As the food moves from the stomach into the small intestine the food is digested by the enzymes that are released from the pancreas and from the cells of the small intestine. At the normally acidic pH of the stomach pepsin begins the digestion of protein, breaking it down into smaller peptide chains and amino acids. The resultant products of this process require fewer enzymes from the pancreas to further digest the smaller peptides and amino acids. Because a raw diet does not contain high concentrations of grain there is less stress on the digestive system to produce the volume of enzymes needed for complete carbohydrate digestion.
Digestion/Absorption of carbohydrates, protein and fat
The digestion and absorption of all major macro nutrients occurs before the food leaves the small intestine. Stimulated by food entering the small intestine the pancreas releases enzymes to digest the protein, fat and carbohydrate matter. At the same time bile is released from the gallbladder to aid in the digestion of the fat and fat-soluble vitamins. This is achieved by creating an emulsification, thereby allowing the water-soluble enzymes to interact with the fat. A raw diet provides fats that have not been over processed and contains a higher percentage of essential fatty acids and as a result is more easily digested and absorbed.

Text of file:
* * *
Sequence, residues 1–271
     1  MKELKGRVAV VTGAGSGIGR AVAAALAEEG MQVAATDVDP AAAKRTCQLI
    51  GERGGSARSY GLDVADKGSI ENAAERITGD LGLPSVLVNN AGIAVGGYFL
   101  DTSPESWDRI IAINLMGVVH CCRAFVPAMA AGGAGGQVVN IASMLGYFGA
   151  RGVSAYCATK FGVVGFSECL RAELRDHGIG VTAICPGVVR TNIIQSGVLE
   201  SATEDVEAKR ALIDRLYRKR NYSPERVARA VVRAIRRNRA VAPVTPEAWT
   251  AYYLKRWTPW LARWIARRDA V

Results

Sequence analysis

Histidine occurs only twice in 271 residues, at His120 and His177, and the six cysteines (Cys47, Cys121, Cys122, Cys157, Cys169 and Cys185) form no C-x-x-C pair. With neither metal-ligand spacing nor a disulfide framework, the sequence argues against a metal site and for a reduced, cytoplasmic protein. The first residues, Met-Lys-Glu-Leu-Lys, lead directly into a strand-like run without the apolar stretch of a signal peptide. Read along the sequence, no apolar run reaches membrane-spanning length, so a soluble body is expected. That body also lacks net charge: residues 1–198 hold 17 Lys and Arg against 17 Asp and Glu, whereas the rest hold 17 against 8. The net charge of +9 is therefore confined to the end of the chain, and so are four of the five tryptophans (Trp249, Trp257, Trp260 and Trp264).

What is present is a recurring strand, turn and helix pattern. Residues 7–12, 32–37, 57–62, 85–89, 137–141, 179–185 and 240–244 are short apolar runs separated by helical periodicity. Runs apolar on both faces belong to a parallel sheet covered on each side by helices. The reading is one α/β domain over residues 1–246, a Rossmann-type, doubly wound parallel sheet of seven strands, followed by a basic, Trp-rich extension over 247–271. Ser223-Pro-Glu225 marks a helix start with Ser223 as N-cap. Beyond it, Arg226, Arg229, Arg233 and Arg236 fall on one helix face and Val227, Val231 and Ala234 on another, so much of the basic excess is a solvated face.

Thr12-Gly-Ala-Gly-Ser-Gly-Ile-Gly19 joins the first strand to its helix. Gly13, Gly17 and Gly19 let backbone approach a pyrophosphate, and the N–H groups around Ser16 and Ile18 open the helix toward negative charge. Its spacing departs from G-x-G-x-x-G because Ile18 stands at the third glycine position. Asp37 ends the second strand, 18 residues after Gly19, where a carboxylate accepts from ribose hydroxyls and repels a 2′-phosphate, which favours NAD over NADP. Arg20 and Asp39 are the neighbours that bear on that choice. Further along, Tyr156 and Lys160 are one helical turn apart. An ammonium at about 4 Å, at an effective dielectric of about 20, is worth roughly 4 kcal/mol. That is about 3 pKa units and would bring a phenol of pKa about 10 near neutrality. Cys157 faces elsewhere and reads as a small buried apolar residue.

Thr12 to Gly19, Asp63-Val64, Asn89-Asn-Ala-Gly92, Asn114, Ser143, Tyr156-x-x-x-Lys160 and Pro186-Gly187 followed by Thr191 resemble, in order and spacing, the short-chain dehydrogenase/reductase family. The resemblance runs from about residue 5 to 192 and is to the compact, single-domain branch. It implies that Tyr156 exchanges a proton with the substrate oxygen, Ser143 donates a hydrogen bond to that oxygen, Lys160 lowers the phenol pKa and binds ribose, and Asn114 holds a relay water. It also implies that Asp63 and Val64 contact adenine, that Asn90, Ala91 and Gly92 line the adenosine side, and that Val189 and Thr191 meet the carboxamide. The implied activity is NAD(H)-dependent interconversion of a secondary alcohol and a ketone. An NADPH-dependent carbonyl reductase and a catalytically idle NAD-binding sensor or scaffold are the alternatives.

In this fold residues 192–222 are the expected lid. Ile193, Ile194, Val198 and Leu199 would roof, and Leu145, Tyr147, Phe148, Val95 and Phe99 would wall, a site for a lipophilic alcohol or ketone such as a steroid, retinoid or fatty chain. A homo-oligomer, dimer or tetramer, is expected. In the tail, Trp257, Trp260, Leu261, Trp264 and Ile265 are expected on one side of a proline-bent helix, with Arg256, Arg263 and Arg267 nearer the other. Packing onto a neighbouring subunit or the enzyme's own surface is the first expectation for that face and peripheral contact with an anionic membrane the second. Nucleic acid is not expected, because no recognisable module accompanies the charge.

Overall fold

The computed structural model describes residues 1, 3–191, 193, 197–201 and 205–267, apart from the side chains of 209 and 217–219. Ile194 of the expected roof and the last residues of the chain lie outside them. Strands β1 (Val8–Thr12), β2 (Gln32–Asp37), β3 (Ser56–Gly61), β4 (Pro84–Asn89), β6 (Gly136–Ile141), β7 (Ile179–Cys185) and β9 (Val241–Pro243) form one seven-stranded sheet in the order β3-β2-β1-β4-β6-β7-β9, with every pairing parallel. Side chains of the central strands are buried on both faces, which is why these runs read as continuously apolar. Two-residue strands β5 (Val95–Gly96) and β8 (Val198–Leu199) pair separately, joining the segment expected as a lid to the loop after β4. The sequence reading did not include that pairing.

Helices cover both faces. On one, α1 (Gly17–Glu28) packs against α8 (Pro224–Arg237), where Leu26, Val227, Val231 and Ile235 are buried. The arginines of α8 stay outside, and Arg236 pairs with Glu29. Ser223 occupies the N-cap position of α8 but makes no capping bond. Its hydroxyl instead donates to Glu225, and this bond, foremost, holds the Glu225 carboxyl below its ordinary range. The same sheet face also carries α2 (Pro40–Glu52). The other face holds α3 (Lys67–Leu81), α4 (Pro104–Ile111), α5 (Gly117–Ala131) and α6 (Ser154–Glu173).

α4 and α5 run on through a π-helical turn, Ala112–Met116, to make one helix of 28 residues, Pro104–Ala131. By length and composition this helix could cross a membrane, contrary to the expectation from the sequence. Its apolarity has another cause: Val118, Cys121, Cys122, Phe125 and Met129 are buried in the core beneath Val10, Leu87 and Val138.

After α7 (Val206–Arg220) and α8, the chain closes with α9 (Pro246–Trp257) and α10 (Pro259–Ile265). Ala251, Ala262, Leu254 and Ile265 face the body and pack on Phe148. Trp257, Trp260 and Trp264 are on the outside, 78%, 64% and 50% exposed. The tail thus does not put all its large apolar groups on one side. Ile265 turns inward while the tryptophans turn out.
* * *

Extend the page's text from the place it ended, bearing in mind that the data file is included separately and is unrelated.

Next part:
Absorption and re-circulation of bile
Bile is manufactured by the liver and stored in the gallbladder until needed. During digestion the volume of bile needed requires that it be re-circulated many times throughout the meal. To facilitate this bile is reabsorbed in the small intestine and sent through the circulation back to the liver. From there it is sent to the gallbladder to be concentrated and stored for further use.
Absorption of water and electrolytes
The function of the large intestine is to absorb water along with electrolytes such as sodium, chloride and potassium. The natural micro flora that exist in the large intestine also aid the host by producing needed biotin, some of B-vitamins and vitamin K. These microbes also function to break down fiber producing short-chain fatty acids, an energy source for the cells of the large intestine. Fluctuations in the system at this point can lead to diarrhea, causing dehydration and malabsorption in the animal.